MTA calls for disclosure of higher ed donor agreements

MTA calls for disclosure of higher ed donor agreements

Intent is to keep colleges and universities academically independent of the influence of foundations

The MTA is calling for full public disclosure of agreements made between donors and public institutions of higher education in the Commonwealth.

At the 2018 Annual Meeting of Delegates, educators approved a new business item directing the association to publicize the need for transparency on donor agreements when foundations, centers and other education programs are funded at colleges and universities.

“Public disclosure is essential to the public trust,” said MTA President Merrie Najimy. “When colleges and universities allow corporations and private donors to call the shots, academic research and the hiring process can be heavily compromised.”

The MTA believes that keeping colleges and universities academically independent of the influence of foundations such as the ones run by the Koch brothers is imperative. Some watchdog websites — such as and — include information about the ties between large donors and academic institutions, but the MTA believes a comprehensive public list is needed.

“We strongly believe the state should keep all of this information in one place and make it readily available, Secrecy and privatization are taking a toll on our public colleges and universities, and that should not be tolerated.”

MTA Vice President Max Page

A message addressing the issue is being sent to members of the Board of Higher Education and the UMass Board of Trustees.

Private agreements between institutions of higher education and donors were thrust into the spotlight last year when it was disclosed that George Mason University, a public research university in Northern Virginia, had ties with the Charles Koch Foundation that did not meet the university’s own standards for academic independence.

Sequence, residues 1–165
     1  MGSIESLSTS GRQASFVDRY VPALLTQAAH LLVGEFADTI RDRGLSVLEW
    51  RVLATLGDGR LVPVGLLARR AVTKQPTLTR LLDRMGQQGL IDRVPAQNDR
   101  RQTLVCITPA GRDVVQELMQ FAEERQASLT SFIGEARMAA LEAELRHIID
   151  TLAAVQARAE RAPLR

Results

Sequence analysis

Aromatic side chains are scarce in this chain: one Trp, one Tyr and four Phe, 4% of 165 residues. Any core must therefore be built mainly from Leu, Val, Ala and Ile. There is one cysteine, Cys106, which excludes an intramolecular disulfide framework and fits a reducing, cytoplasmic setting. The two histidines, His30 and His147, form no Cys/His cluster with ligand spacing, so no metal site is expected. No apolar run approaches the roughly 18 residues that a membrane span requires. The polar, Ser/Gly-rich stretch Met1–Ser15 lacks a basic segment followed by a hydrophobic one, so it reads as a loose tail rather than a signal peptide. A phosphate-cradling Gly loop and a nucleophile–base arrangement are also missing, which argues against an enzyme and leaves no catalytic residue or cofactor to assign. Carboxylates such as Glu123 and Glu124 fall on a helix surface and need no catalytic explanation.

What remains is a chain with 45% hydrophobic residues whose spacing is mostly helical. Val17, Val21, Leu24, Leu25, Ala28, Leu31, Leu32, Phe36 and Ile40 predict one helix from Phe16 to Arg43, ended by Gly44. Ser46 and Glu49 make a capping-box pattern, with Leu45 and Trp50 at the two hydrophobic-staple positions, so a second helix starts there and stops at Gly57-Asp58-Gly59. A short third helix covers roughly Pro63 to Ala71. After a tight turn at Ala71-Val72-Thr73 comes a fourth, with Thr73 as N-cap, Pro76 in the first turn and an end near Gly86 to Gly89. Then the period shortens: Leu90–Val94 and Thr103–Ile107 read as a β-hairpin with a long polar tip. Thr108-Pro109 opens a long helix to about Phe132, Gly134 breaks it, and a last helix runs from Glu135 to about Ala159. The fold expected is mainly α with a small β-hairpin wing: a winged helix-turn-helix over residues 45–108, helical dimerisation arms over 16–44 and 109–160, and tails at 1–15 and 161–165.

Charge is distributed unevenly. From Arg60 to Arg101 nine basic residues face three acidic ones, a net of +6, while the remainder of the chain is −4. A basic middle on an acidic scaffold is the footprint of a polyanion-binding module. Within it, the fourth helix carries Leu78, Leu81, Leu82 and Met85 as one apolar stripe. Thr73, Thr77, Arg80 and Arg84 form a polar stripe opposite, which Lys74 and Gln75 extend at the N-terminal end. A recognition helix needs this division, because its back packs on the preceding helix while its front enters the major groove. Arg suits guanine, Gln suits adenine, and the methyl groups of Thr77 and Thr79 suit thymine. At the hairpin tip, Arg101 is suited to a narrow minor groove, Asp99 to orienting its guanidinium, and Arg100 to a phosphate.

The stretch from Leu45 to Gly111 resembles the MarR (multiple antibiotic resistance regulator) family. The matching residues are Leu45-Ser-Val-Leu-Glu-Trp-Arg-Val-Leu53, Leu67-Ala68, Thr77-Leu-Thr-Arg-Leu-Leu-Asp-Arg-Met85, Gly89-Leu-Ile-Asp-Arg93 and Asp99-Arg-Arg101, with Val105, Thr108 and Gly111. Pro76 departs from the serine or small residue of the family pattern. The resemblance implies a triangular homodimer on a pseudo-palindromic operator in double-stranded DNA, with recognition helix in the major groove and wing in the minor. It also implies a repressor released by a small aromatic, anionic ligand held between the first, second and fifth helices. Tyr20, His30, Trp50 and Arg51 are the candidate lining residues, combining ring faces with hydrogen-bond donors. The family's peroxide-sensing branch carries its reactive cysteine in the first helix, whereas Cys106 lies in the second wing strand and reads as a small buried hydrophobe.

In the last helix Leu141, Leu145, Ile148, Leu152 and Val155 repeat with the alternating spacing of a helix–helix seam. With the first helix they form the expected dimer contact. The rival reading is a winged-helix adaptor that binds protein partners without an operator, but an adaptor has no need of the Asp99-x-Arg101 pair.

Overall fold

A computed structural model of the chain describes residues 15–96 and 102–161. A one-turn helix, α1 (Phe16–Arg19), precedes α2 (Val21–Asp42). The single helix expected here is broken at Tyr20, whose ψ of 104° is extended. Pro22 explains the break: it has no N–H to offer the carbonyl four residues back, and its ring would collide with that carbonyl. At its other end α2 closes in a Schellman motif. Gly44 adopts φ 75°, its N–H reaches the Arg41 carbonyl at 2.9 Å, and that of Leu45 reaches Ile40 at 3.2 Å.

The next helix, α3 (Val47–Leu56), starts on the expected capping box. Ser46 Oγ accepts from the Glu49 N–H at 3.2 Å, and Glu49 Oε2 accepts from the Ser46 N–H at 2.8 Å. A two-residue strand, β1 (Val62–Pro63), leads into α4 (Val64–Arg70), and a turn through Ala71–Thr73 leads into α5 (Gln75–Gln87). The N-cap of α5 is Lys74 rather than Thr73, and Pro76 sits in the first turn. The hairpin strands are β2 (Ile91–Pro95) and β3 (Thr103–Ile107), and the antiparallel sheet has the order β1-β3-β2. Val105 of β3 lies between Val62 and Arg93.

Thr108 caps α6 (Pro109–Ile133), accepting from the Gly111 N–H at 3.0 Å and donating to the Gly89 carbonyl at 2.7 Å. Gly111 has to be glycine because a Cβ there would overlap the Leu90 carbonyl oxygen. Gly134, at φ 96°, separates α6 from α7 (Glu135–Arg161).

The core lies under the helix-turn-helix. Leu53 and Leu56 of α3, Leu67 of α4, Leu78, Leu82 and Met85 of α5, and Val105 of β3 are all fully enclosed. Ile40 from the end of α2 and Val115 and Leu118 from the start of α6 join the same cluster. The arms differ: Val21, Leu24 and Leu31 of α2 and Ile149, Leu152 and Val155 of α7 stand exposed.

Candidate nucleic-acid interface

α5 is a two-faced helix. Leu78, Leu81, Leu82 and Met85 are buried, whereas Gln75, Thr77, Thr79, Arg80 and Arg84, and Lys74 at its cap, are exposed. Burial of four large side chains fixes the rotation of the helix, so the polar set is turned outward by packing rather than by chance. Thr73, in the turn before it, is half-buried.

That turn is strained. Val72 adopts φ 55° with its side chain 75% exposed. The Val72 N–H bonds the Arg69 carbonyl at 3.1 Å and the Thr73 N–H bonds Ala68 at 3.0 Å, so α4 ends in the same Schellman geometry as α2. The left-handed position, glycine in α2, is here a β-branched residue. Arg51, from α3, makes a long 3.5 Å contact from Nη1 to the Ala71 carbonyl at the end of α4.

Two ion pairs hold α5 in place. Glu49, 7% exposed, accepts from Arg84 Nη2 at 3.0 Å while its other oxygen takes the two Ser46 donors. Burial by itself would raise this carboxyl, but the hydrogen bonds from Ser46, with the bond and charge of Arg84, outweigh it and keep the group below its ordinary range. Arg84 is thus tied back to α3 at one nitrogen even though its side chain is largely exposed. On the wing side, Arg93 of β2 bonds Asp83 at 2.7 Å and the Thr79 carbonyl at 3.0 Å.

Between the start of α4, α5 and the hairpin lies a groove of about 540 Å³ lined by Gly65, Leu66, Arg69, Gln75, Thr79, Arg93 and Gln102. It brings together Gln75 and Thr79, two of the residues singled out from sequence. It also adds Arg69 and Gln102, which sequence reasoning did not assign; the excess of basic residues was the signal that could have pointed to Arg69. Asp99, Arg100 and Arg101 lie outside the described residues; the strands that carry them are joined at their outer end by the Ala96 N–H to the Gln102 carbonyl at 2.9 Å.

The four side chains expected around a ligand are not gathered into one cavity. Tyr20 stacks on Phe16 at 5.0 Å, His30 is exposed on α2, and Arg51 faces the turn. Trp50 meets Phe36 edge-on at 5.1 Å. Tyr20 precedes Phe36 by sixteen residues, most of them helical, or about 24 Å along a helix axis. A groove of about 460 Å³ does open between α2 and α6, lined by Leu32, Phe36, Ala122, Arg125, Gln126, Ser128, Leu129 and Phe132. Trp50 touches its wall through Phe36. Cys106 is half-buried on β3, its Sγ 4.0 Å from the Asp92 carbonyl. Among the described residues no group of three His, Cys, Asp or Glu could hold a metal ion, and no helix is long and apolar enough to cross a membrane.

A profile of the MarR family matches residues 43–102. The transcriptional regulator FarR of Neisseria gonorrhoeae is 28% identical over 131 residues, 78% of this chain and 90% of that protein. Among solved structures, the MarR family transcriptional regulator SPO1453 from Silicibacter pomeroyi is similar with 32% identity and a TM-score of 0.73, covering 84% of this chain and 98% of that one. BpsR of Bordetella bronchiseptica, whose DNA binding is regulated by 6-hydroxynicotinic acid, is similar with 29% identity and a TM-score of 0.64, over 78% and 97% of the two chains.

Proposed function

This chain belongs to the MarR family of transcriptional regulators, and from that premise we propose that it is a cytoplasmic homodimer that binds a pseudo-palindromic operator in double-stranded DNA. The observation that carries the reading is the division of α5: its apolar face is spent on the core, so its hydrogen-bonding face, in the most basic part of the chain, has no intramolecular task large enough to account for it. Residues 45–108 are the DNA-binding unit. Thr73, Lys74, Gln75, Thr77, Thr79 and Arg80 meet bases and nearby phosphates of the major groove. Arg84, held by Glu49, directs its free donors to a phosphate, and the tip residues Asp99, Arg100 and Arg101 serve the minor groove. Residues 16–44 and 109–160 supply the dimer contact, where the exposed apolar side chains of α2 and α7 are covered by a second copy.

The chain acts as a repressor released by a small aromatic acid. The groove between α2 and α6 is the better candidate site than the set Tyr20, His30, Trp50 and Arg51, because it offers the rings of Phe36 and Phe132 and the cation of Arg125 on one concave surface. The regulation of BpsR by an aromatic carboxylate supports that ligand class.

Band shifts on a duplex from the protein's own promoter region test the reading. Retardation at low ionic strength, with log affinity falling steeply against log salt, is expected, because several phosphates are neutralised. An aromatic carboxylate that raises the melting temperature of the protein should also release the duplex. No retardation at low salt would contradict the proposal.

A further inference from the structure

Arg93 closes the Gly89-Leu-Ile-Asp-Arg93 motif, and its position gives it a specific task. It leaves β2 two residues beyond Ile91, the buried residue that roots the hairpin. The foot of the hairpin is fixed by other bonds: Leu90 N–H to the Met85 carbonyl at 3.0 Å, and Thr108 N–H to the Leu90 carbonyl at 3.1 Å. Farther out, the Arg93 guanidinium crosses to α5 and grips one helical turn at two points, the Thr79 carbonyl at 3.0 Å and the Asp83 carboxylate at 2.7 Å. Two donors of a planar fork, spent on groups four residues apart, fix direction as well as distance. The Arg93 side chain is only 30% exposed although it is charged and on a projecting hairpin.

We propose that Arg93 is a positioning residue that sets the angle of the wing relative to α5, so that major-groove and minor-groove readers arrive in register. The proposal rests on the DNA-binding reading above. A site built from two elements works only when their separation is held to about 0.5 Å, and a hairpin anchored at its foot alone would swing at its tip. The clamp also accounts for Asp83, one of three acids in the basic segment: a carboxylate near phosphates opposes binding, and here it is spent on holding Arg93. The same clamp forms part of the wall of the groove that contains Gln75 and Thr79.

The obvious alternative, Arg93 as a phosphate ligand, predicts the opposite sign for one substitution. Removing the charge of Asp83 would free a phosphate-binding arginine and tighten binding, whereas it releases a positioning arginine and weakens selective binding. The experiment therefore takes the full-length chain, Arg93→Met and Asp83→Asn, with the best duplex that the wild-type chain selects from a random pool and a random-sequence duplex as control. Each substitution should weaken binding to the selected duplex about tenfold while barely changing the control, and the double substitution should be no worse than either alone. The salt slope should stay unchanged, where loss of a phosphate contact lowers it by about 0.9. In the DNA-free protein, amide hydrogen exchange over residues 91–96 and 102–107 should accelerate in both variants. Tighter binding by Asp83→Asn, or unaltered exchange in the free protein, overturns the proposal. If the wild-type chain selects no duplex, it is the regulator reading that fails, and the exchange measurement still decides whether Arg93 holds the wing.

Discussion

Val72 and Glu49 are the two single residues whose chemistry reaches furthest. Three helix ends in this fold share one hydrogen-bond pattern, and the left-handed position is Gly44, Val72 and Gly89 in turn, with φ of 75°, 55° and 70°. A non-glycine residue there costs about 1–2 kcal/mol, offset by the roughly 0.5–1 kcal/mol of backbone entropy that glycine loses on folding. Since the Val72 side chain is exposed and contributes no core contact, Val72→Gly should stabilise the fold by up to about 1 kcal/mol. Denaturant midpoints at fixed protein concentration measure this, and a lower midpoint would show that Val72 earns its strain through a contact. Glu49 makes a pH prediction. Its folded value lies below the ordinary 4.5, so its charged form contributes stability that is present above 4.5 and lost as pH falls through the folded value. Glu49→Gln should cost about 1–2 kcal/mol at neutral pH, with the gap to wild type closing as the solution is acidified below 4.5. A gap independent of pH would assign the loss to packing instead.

Between 2003 and 2011, the university accepted funding that supported faculty positions and research, especially in economics. A review by The Washington Post showed that in some cases, committees that helped select professors “included members designated by a donor.”

Billionaire brothers Charles and David Koch have poured millions of dollars into universities across the nation. GMU has been one of the largest recipients of Koch largesse, collecting $48 million from 2011 to 2014, according to The Associated Press. In 2016 the Koch Foundation gave $10 million to rename George Mason’s law school in memory of U.S. Supreme Court Justice Antonin Scalia, who died that year.

A handful of Massachusetts institutions are included among the Koch Foundation’s list of colleges that have received money. They include Harvard University, the Massachusetts Institute of Technology, UMass Amherst, Amherst College and Mount Holyoke University.

“The members of the MTA believe that maintaining the integrity of our universities and colleges should be paramount. That integrity is put at great risk when donor agreements allow influence by the donors.”

MTA President Marrie Najimy

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